SLR technology is always improving, and one key area is the image quality of photos shot at high ISO settings. Not that long ago, shooting at anything over ISO 800 on most SLRs would result in images too noisy and degraded to be considered usable. But these days on the latest cameras, it’s possible to shoot above ISO 1600 – and even ISO 3200 – and not have to worry too much about image noise (learn when to increase ISO).
But what if you don’t have the newest SLR or have raw images with potential that are suffering from image noise? Help is at hand! By utilising the power of Adobe Camera Raw (ACR) software, it’s possible to rescue noisy raw images in a flash.
Under the Detail tab are sliders to reduce both luminance (greyscale) noise, which makes an image look grainy, and colour (chroma) noise, which is visible as coloured artefacts.
We’re using Photoshop CS5 and ACR version 6.2, which has more options under the Detail tab than previous versions, and produces better results when reducing noise in images suffering with pixels starting to ‘break up’, but the basics also apply to earlier versions of CS.
We’ll also show you how to correct the colour temperature of images that have been shot indoors under artificial lights, and how to do all your sharpening without leaving the comfort of the ACR interface.
WHAT YOU’LL NEED Photoshop CS5 or Photoshop CS6
IT ONLY TAKES 15 minutes
How to remove image noise in Photoshop
1 White balance correction
Download the noise_start.CR2 raw file in your version of Photoshop CS5 or CS6. As this track cycling photo was shot indoors under artificial lights, the white balance is a little bit off. To correct the colours here, adjust the Temperature slider to around 3750, and then drag the Tint slider down to -50 to get rid of the purple tint.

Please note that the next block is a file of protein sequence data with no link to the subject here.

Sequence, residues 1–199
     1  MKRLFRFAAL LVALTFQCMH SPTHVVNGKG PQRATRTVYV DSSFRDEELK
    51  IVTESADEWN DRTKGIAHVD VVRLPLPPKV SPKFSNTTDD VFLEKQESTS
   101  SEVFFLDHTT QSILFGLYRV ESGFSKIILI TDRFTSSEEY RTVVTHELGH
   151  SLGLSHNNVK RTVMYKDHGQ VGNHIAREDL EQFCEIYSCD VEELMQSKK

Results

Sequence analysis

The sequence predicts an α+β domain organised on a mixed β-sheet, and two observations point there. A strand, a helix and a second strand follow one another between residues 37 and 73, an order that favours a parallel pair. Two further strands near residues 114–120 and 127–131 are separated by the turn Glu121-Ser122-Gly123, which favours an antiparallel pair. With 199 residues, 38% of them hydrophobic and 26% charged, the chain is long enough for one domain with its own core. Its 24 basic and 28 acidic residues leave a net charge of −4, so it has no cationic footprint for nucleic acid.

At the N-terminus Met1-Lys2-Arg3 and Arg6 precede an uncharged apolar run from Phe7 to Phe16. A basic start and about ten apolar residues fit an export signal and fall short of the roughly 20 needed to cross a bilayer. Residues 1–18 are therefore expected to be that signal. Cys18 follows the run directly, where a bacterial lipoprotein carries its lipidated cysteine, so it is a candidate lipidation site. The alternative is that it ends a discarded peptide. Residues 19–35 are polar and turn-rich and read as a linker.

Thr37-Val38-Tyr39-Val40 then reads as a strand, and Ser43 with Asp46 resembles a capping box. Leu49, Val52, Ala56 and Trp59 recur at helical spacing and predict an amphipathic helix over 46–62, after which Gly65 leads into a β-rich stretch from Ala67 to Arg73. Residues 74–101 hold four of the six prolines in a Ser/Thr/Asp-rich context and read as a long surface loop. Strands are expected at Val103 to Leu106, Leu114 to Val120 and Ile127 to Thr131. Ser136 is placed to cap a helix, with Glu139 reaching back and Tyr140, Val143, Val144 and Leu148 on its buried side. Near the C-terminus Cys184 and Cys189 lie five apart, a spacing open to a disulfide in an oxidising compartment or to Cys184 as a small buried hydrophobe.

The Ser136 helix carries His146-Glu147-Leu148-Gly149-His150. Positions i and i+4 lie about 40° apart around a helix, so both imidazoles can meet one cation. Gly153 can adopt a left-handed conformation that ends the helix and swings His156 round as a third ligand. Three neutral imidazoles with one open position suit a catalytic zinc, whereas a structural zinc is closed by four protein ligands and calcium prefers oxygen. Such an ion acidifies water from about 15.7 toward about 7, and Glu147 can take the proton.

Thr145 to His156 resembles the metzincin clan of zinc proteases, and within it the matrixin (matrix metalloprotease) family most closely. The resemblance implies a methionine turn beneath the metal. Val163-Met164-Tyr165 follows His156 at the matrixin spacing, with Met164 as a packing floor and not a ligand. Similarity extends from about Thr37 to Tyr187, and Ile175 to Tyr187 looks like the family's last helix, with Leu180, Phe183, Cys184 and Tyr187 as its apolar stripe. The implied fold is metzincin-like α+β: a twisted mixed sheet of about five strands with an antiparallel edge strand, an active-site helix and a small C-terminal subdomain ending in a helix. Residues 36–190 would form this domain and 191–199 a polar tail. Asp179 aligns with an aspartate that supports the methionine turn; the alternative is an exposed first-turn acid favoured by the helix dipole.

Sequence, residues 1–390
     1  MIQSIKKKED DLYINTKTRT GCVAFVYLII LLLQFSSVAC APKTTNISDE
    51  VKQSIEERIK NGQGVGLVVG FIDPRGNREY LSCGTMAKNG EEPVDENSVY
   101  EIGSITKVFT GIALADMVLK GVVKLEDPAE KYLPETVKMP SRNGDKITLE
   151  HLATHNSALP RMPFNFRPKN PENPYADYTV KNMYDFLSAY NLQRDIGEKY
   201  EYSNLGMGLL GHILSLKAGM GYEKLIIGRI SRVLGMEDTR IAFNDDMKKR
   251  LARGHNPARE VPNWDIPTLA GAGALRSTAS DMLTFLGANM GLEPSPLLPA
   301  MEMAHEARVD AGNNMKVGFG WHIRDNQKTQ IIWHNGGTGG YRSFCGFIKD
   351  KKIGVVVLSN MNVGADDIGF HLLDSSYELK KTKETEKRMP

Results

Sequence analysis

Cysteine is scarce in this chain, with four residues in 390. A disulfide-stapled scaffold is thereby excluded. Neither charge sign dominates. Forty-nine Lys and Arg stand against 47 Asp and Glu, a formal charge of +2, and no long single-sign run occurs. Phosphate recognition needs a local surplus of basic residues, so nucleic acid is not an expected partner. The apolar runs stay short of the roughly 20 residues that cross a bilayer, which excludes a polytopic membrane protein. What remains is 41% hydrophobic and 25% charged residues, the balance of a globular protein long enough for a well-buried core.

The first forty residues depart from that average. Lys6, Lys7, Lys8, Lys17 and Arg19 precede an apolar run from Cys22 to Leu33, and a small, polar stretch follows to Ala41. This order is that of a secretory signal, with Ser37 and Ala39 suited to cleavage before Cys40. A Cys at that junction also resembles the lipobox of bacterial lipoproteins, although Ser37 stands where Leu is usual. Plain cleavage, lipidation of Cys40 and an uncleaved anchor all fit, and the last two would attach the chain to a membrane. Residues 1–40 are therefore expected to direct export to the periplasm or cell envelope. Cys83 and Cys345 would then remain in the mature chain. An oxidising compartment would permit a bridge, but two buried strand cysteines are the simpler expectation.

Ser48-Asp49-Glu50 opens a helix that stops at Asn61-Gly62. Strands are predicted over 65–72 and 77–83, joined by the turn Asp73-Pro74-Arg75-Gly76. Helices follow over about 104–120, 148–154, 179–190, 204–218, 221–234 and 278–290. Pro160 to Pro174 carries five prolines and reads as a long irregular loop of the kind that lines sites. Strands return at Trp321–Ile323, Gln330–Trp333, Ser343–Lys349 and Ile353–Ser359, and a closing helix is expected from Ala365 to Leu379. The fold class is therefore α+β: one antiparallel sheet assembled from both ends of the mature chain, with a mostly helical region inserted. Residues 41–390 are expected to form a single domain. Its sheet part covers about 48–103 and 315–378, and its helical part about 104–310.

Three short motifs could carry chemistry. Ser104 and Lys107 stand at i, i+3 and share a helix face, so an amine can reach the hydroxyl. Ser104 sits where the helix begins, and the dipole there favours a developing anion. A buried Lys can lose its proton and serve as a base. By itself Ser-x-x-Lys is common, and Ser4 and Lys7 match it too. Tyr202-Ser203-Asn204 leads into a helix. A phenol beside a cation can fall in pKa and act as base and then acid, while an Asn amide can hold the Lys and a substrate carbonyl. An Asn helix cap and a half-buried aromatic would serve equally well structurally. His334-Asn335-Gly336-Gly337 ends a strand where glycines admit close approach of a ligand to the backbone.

2 Raw basics
The two cycle wheels in the top-right corner are distracting, so grab the Crop tool, set mode to Normal from the drop-down menu and crop them off. To reduce the clipped highlights, set Recovery to 30. To brighten the riders and the dark Lycra, set Fill Light to 10 and set Blacks down to 0. To further lighten the cyclists, set Brightness to +60, keeping Contrast on +25.
3 Turn down the noise
First, you need to reduce the luminance noise of this image shot at ISO800. Click the Detail tab and zoom in to 100% (Ctrl+Alt+0) so you can see the enhancements. Luminance noise is less tonally distinct than colour noise, so watch you don’t overdo noise reduction and end up blurring detail. We used the following settings: Luminance at 40, Luminance Detail at 50, leaving Luminance Contrast to 0.
4 Colour noise
Colour noise is generally more noticeable, so the ACR default colour noise reduction setting is 25, not 0. A good rule is to match the Colour noise slider with your Luminance setting, so for this image, set Colour noise to 40 and Colour Detail to 50. Experiment with your own photos as the amount of noise can change depending on the SLR, lens and exposure.
5 Clarity and vibrance
Click back on the Basics tab. Before you sharpen, adjust the Clarity slider – which adjusts midtone contrast. Set it to +20. While you’re there, set the Vibrance to +10 to boost the colours of the bicycles and clothing. The Vibrance slider minimises clipping as colours approach full saturation, by altering the saturation of lower-saturated colours without affecting the higher ones.
6 Sharpen up
Always do your sharpening last, or further editing (including resizing) can introduce ugly artefacts. On the Detail tab are several Sharpening sliders that adjust edge definition. Now the clever bit: hold down Alt as you move each slider to see which parts of the image are affected. We set Amount to 40, Radius to 1.5, Detail and Masking to 30. Don’t overdo it, as it’ll add noise. Click Save Image in the bottom-left and you’re done.